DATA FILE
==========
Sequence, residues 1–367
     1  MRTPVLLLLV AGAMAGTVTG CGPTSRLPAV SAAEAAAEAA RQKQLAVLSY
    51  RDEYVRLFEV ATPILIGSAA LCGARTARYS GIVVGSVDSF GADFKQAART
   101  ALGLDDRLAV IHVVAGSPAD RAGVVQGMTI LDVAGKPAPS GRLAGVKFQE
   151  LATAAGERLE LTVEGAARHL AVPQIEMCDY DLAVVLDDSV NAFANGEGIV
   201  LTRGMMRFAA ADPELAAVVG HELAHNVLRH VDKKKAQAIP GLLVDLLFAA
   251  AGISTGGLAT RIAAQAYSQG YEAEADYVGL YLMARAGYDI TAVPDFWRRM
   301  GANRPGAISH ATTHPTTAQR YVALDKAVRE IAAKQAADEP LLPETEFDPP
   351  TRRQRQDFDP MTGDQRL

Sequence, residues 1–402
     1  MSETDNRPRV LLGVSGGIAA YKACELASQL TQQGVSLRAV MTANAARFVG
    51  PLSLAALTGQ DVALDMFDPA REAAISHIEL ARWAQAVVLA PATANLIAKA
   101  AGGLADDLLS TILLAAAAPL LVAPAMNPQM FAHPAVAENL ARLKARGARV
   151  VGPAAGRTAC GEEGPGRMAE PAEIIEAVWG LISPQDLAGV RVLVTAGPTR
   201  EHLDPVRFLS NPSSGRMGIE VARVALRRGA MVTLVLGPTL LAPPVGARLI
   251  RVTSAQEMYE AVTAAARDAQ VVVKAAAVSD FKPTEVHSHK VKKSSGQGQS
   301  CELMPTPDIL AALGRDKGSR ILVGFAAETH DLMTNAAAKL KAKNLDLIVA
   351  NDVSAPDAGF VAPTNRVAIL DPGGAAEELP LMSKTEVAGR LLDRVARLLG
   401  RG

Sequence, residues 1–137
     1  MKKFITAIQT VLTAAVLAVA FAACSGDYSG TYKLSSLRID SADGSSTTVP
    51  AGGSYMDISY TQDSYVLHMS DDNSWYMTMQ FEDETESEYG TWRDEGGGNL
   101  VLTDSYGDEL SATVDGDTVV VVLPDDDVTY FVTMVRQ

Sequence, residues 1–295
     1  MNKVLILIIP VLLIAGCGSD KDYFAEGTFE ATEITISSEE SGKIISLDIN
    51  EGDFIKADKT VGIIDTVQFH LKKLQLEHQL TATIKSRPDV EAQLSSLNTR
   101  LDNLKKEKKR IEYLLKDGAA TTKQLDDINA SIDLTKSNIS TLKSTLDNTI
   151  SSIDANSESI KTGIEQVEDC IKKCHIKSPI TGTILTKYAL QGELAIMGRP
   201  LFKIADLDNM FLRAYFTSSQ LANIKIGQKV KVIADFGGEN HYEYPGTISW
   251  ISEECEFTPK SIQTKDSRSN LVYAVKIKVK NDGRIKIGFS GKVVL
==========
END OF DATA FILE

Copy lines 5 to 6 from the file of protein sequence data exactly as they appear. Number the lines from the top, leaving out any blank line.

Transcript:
   151  LATAAGERLE LTVEGAARHL AVPQIEMCDY DLAVVLDDSV NAFANGEGIV
   201  LTRGMMRFAA ADPELAAVVG HELAHNVLRH VDKKKAQAIP GLLVDLLFAA